There were moments when trouble looked like it could cause the Lakers problems. Turnovers would pile up in bunches, shot selection would be suspect, defensive assignments would get missed and the Miami Heat would go on a little run.
But on a night when the Lakers’ weren’t their best — and Friday they weren’t close — the team won its seventh game in a row largely because of its trust in what it is trying to do. And for a new coach such as Frank Vogel, that’s a real accomplishment.
“I think the buy-in in any coaching situation is important, and when you win early, that comes faster,” Vogel said before the Lakers dropped the Heat 95-80. “Hopefully we’re off to a good start in that regard.”
They’re off to a good start in almost every regard — surging to the best record in the NBA while playing with the defensive mind-set and execution that Vogel was famous for as the head coach in Indiana.
It’s a real victory for him and his staff — and a real relief to any of the problems that could’ve come with a slow start.
No one is talking about how Vogel wasn’t the Lakers’ first choice to be the head coach. No one has wondered if Jason Kidd sliding down a chair would make the team better or their stars happier.
If the Lakers’ 7-1 start was the inverse, that kind of talk would almost be guaranteed. We saw it in Miami, where James and the Heat struggles had people talking about Erik Spoelstra. We know how things ended for David Blatt in Cleveland.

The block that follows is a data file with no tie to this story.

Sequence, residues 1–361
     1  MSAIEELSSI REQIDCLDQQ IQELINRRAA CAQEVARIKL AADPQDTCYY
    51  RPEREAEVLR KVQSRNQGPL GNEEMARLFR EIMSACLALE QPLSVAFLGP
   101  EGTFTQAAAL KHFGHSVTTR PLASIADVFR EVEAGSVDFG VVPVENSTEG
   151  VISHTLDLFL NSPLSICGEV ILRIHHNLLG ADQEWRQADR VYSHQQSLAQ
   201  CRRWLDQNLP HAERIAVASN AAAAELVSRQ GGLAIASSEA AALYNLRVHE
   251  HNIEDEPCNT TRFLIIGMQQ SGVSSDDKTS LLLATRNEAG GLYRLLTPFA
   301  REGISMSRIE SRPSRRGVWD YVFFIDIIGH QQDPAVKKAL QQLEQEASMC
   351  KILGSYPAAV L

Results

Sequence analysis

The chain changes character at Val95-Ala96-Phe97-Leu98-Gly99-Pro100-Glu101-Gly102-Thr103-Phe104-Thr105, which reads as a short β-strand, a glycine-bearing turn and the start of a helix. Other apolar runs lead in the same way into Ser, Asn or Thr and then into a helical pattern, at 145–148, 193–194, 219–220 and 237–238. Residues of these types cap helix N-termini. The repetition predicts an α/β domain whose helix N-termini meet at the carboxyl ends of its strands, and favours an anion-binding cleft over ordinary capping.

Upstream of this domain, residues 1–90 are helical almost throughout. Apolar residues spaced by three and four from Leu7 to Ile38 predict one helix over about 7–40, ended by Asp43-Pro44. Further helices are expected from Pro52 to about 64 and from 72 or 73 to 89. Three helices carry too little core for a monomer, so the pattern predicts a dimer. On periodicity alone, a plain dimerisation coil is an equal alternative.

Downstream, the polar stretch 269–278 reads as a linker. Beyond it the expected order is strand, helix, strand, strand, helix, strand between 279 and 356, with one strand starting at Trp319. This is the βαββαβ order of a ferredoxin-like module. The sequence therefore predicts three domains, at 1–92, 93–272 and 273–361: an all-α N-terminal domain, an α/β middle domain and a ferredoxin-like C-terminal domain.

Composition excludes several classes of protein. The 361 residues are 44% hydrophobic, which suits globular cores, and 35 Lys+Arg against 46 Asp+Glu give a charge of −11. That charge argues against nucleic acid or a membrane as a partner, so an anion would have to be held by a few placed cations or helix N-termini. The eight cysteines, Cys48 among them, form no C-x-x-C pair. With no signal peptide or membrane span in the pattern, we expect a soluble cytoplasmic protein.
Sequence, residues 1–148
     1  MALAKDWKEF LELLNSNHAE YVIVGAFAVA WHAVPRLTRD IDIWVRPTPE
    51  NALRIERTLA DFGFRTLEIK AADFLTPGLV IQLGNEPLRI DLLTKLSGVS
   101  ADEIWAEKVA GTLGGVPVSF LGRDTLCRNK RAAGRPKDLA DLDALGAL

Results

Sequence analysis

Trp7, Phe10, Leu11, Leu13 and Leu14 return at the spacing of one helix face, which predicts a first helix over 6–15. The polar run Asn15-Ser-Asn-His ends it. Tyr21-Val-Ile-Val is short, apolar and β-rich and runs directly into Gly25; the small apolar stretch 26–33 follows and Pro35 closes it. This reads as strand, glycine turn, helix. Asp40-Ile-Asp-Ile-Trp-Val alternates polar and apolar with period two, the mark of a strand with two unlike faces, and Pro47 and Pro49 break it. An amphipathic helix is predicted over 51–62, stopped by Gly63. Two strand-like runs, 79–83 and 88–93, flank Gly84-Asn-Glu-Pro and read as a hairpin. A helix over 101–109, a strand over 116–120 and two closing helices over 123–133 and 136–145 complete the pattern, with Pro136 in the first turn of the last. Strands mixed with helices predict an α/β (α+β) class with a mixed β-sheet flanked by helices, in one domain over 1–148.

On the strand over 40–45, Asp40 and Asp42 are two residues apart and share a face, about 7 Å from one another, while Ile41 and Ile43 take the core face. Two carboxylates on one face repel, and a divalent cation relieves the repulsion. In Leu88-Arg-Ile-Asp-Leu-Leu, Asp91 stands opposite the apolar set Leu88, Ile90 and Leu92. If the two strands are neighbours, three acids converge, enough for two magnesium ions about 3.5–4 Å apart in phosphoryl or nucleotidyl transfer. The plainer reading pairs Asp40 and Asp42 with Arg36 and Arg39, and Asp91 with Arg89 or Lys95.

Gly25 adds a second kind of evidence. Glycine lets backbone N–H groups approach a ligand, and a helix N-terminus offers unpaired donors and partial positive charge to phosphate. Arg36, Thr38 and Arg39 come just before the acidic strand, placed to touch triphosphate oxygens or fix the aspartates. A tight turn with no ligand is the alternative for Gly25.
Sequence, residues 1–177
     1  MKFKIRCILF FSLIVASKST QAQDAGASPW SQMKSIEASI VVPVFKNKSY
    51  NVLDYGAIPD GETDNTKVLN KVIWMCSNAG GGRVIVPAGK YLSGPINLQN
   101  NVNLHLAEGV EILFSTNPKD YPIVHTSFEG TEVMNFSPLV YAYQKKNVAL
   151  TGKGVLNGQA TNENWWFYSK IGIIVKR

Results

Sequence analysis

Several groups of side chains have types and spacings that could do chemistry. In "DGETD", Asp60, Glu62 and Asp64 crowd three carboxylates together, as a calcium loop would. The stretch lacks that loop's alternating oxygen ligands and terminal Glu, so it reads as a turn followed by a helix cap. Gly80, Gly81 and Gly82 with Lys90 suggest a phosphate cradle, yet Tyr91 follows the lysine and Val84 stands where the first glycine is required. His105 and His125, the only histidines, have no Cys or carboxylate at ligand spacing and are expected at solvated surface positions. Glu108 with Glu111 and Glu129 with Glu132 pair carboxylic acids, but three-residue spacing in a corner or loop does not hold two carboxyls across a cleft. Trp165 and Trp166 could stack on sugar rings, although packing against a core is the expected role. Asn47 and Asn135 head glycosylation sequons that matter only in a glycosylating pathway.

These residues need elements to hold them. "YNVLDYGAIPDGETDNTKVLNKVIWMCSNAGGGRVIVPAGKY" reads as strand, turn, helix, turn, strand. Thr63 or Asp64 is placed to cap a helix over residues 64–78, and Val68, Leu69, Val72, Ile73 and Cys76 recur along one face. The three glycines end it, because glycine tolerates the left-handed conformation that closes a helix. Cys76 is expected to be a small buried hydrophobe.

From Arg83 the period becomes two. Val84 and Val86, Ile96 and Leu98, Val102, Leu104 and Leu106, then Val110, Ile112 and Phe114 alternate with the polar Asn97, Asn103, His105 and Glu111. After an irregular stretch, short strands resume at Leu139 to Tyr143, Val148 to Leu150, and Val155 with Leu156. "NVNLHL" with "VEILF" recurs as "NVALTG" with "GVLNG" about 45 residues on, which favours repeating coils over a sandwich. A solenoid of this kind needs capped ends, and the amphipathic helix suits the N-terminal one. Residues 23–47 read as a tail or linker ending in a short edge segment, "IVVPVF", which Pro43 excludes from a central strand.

And while coaches who get hired almost always end up fired, Vogel’s start with the Lakers couldn’t be going better — unless you ask him.
“There are a lot of things we can do to play better — execution on both sides on the ball has to continue to improve,” he said pregame. “We’re not getting back well enough in transition, and we’re turning the ball over a little too much. Our shot selection can continue to improve. We’re not boxing out and gang rebounding as well as I’d like. The list is long, but we’re off to a good start. There’s still a lot of room for improvement.”
But the Lakers have found the way to win while still needing to get better, to absolutely lock teams down — a byproduct of the Lakers truly caring about how they compete on the defensive side of the basketball. After the game, Vogel said the team’s internal statistics showed that the team contested 88percent of Miami’s shots Friday, an astoundingly high number.
“I had high expectations about what we could be,” Vogel said.
But even Vogel is at least a little surprised about what they are already.
Trouble will come. It does for every team. Vogel and his staff will have to continue to nurture relationships with James, Anthony Davis and the rest of the team. But because it hasn’t happened yet, the Lakers are more equipped for it when it does come.
“You’ve got to figure it out one way or another. But yeah, [you’d] obviously rather have success than not,” Spoelstra said. “But you have to get a group committed to go through the mud even when it’s not necessarily going your way. The process, you can’t skip steps in this league — no matter how much talent you have.
“And they’re not skipping steps.”